Ōnishi committed ritual suicide (seppuku) in his quarters on 16 August 1945 after the unconditional surrender of Japan at the end of World War II.[7] Yoshio Kodama was a witness, but subsequently unable to bring himself to commit seppuku.[7] Ōnishi's suicide note apologized to the approximately 4,000 pilots he had sent to their deaths, and he urged all young civilians who had survived the war to work towards rebuilding Japan and peace among nations. He also stated that he would offer his death as a penance to the kamikaze pilots and their families.[citation needed] Accordingly, he did not use a kaishakunin, the usual second who executes by beheading, and so died of self-inflicted injuries over a period of 15 hours.

The sword with which Ōnishi committed suicide is kept at the Yūshūkan Museum in Yasukuni Shrine, in Tokyo. Ōnishi's ashes were divided between two graves: one at the Zen temple of Sōji-ji in Tsurumi, Yokohama, and the other at the public cemetery in the former Ashida Village in Hyōgo Prefecture.

In film[edit]

  • The Japanese actor Tōru Abe portrayed Ōnishi in the 1970 film Tora! Tora! Tora! (uncredited[8]).
  • Ōnishi was also portrayed in the Toei 1970 production Saigo no Tokkōtai[9] (最後の特攻隊, directed by Junya Sato), The Last Kamikaze in English.
  • Toei produced a biographical film in 1974, Ā Kessen Kōkūtai[10] (あゝ決戦航空隊, directed by Kōsaku Yamashita), Father of the Kamikaze in English.

See also[edit]



  1. ^ a b Nishida, Imperial Japanese Navy
  2. ^ "Mythmaking and the Kamikaze 'volunteers'". The Japan Times. June 28, 2009. Retrieved June 18, 2021.
  3. ^ Evans. Kaigun, p. 531
  4. ^ Inoguchi Rikihei, Nakajima Tadashi, and Roger Pineau, The Divine Wind. Annapolis, 1958.
  5. ^ Ivan Morris, The Nobility of Failure: Tragic Heroes in the History of Japan, p284 Holt, Rinehart and Winston, 1975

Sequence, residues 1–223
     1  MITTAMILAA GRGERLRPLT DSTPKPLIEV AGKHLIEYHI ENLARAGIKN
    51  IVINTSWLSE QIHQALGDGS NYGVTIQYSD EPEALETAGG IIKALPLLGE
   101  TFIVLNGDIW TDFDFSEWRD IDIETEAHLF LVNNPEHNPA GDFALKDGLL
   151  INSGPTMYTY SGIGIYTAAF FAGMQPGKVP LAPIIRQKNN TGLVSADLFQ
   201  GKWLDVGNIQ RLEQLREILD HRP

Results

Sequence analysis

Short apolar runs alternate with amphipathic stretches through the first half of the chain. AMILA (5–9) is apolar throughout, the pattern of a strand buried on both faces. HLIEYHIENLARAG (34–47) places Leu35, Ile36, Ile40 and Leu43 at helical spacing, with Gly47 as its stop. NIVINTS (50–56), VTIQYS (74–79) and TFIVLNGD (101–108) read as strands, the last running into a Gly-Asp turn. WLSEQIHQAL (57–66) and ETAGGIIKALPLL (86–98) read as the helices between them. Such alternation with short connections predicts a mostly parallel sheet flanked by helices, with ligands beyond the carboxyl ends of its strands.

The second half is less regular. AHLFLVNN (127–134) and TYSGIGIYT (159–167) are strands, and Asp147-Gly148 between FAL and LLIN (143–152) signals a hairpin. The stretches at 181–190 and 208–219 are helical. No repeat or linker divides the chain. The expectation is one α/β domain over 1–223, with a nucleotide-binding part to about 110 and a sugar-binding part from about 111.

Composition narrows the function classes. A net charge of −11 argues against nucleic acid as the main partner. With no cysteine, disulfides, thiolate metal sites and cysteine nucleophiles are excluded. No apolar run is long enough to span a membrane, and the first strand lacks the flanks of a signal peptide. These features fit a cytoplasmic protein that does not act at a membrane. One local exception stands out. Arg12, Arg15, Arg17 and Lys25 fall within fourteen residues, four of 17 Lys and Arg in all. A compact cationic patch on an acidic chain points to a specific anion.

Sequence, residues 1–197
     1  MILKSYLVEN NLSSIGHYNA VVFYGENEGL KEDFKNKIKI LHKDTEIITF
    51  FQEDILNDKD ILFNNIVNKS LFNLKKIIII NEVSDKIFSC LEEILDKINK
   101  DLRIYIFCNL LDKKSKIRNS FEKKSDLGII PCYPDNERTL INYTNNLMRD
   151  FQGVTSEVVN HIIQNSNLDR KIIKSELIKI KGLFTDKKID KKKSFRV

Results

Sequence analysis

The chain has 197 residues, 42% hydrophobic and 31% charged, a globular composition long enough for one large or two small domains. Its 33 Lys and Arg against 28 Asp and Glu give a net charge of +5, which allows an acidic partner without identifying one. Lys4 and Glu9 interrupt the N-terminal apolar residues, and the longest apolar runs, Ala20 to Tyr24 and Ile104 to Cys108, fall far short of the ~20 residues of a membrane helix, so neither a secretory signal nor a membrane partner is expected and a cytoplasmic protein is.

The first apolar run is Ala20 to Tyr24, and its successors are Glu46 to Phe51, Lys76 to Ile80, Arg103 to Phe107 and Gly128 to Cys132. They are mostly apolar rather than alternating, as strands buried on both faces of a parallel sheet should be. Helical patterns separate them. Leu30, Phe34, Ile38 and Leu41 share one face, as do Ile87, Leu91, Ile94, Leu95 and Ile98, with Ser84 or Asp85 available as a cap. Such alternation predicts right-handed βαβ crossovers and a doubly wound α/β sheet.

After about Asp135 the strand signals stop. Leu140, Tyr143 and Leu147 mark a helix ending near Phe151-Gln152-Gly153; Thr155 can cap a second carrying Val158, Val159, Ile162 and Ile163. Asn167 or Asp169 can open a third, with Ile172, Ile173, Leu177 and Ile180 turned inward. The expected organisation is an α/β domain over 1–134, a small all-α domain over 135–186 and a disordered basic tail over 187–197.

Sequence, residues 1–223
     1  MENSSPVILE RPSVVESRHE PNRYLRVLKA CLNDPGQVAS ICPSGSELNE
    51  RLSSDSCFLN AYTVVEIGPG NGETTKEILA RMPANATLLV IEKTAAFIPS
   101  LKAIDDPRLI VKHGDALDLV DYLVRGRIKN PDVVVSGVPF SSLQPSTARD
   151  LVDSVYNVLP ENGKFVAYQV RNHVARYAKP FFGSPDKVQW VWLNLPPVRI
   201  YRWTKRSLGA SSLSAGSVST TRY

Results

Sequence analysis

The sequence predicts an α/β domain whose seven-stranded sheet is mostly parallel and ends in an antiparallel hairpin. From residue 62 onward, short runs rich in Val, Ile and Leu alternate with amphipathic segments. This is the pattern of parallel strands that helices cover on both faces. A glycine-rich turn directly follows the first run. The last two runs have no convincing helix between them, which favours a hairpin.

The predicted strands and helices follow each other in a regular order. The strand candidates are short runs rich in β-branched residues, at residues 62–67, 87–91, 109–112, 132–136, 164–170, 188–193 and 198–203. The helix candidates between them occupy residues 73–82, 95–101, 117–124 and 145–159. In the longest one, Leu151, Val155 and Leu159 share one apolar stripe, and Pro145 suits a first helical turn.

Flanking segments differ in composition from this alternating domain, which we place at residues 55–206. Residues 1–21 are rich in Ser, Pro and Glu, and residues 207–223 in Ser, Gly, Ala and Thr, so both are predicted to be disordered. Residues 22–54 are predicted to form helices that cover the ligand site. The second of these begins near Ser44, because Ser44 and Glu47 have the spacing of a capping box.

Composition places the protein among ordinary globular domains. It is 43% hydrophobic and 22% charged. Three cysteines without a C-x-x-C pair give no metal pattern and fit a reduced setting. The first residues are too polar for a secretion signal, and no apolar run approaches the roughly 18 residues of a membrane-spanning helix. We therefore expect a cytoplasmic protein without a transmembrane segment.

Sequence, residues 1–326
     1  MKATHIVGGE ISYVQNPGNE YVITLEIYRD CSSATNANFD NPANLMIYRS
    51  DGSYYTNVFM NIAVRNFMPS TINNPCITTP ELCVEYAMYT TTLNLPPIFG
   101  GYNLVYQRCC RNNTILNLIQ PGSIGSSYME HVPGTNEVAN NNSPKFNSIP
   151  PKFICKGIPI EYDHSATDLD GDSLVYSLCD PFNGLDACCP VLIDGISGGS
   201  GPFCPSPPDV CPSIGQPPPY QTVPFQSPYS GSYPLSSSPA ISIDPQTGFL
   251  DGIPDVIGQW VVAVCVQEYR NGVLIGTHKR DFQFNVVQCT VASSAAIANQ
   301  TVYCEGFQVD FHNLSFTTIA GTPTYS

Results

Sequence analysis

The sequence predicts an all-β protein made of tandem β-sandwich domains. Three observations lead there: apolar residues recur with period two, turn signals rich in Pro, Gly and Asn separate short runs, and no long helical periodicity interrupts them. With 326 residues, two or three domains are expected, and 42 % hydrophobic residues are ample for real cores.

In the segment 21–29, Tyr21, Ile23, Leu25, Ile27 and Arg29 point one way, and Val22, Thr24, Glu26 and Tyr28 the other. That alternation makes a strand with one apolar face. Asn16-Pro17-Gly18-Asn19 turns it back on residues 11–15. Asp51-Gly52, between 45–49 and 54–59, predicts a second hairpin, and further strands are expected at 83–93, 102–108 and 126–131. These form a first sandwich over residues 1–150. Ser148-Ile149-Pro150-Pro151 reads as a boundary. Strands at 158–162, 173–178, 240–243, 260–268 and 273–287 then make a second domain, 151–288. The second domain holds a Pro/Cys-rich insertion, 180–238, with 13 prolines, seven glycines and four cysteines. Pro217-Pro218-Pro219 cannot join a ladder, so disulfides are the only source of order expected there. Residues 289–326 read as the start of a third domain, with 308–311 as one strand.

6. ^ Schreiber, Mark (August 1, 2015). "The top-secret flights that ended the war". The Japan Times. Retrieved June 18, 2021.
  7. ^ a b Kodama, Yoshio (1960). Sugamo Diary (a chronicle of his experience in prison). p. 23.
  8. ^ Tōru Abe's page on IMDB
  9. ^ Saigo no Tokkōtai on IMDB
  10. ^ Ā Kessen Kōkūtai on IMDB


  • Axell, Albert; Hideaki Kase (2002). Kamikaze: Japan's Suicide Gods. New York: Longman. ISBN 0-582-77232-X.
  • Evans, David (1979). Kaigun: Strategy, Tactics, and Technology in the Imperial Japanese Navy, 1887-1941. US Naval Institute Press. ISBN 0-87021-192-7.
  • Hoyt, Edwin P. (1993). The Last Kamikaze. Praeger Publishers. ISBN 0-275-94067-5.
  • Inoguchi, Rikihei; Nakajima, Tadashi; Pineau, Roder (2002). The Divine Wind: Japan's Kamikaze Force in World War II. US Naval Institute Press. ISBN 1-55750-394-X.
  • Millot, Bernard (1971). DIVINE THUNDER: The life and death of the Kamikazes. Macdonald. ISBN 0-356-03856-4.
  • Peattie, Mark R., Sunburst: The Rise of Japanese Naval Air Power 1909-1941, Annapolis, Maryland: Naval Institute Press, 2001, ISBN 1-55750-432-6
  • Sheftall, M.G. (2005). Blossoms in the Wind: Human Legacies of the Kamikaze. NAL Caliber. ISBN 0-451-21487-0.

External links[edit]